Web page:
The record reflects that Dennie, as the chief executive officer of CPF, was responsible for supervising the payroll and check writing functions of CPF. He knew that federal employment taxes were not being paid during the taxable period in issue in this case, and he knew that other creditors were being paid. Beginning in the latter part of 1976, Dennie delivered the tax deposit checks to Pittman at Commonwealth with instructions that those checks covering the federal employment taxes should not be paid. As time went on, Dennie submitted lists to Pittman indicating which checks (invariably excluding the tax deposit checks) "had to be paid." According to Dennie, "the government can wait."
Pittman, in turn, knew that the federal employment taxes were not being paid. During the period from October 1976 until January or February 1977, the checks covering the federal employment taxes were accumulated in the desk drawer of Douglas. Pittman frequently conferred with Dennie in order to decide which creditors were going to be paid. Early in 1977, Pittman began going over the list of checks submitted by CPF and specifically deciding which ones would be honored and which ones would not. In some cases, Pittman signaled his approval of those checks to be honored by initialing the upper corner of the checks.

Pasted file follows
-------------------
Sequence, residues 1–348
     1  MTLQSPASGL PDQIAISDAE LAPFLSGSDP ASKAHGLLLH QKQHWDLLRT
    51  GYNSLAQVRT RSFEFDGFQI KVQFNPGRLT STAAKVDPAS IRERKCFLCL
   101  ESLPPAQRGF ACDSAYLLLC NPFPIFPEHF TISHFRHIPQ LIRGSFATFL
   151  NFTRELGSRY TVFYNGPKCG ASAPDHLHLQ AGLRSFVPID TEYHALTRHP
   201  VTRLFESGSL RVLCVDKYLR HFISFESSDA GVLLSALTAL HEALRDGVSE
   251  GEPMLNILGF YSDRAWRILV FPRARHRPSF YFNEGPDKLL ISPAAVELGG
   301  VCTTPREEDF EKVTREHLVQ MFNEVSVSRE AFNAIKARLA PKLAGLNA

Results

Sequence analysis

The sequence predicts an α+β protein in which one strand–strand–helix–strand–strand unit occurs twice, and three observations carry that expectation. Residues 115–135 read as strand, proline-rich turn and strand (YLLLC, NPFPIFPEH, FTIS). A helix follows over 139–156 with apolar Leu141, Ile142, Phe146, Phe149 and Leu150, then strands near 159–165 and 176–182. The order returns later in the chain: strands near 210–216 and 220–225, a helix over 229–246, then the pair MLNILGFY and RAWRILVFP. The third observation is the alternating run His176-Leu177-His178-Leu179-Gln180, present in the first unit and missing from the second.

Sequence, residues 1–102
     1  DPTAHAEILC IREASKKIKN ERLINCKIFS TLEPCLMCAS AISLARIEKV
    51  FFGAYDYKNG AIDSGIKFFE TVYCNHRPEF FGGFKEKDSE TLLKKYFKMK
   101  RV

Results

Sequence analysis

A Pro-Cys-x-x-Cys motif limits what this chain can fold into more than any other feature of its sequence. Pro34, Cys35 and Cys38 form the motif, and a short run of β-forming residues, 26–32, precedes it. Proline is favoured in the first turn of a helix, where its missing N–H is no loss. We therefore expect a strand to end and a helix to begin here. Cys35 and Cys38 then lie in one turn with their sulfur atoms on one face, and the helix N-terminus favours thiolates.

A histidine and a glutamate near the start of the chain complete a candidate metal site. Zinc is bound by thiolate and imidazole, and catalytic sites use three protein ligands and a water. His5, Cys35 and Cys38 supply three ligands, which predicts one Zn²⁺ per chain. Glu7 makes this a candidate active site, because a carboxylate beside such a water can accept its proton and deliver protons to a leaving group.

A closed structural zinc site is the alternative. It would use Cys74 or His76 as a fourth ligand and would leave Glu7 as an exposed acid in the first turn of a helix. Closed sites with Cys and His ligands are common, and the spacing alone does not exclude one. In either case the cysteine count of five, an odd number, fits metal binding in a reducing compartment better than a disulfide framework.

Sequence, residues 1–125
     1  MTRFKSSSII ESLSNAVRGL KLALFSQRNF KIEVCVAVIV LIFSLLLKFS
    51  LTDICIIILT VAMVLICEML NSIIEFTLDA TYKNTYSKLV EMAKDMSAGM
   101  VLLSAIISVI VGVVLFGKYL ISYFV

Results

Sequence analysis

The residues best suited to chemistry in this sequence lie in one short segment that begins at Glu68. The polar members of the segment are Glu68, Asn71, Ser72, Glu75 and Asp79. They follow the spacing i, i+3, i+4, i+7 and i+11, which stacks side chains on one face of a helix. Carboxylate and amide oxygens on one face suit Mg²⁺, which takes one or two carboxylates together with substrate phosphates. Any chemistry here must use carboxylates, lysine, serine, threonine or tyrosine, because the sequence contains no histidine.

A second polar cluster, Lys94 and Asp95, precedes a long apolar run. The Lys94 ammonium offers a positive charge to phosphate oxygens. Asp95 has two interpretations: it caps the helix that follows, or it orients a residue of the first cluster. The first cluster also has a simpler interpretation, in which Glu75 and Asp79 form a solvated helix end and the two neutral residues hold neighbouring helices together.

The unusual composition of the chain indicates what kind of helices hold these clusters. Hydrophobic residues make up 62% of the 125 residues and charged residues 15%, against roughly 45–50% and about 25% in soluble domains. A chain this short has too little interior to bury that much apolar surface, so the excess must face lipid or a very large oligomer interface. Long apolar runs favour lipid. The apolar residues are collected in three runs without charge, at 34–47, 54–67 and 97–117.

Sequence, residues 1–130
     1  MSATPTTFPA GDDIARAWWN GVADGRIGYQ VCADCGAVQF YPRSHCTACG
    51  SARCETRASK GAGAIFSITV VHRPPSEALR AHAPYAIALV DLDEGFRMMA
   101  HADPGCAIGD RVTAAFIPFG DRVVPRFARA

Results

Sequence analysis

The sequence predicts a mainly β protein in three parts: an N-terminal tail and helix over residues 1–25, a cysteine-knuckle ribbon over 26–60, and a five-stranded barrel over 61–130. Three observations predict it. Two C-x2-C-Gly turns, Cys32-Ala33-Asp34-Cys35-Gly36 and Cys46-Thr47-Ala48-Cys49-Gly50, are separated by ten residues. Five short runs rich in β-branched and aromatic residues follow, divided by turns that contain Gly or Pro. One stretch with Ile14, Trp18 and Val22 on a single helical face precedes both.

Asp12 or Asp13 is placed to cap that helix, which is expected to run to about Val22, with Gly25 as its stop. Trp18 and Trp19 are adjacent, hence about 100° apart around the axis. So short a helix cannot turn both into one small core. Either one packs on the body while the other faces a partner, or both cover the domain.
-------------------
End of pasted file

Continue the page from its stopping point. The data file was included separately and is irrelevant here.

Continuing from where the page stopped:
The total amount of payroll taxes withheld from CPF's employees but not turned over to the United States was $127,411.24. The Commissioner of Internal Revenue thereafter determined that Commonwealth, Pittman and Dennie were all persons who willfully failed to collect, truthfully account for or pay over such taxes within the meaning of § 6672. Consequently, the Commissioner assessed penalties against each of them in an amount equal to 100% of the taxes not paid over. The taxpayers paid several portions of the assessment and then sued for refunds in federal district court. The United States contested their rights to refunds and, in addition, counterclaimed for the amounts remaining unpaid on the assessments. In addition, the United States asserted liability against Commonwealth and Pittman under I.R.C. § 3505(b).2